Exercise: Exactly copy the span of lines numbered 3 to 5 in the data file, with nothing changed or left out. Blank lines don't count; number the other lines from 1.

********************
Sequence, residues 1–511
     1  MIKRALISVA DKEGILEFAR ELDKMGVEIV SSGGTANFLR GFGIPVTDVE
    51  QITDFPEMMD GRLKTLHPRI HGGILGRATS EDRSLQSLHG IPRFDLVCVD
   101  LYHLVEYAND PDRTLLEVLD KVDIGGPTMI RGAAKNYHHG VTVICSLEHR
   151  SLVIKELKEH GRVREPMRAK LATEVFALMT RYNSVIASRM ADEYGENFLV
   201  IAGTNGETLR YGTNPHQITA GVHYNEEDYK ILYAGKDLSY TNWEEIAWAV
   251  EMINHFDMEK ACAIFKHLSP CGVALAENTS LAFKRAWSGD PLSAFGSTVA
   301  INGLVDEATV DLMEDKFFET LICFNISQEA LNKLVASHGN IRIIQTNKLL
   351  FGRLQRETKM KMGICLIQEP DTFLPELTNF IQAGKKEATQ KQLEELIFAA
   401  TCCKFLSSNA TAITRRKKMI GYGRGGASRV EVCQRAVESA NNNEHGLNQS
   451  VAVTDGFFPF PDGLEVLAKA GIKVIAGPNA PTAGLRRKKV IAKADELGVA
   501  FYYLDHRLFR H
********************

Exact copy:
    51  QITDFPEMMD GRLKTLHPRI HGGILGRATS EDRSLQSLHG IPRFDLVCVD
   101  LYHLVEYAND PDRTLLEVLD KVDIGGPTMI RGAAKNYHHG VTVICSLEHR
   151  SLVIKELKEH GRVREPMRAK LATEVFALMT RYNSVIASRM ADEYGENFLV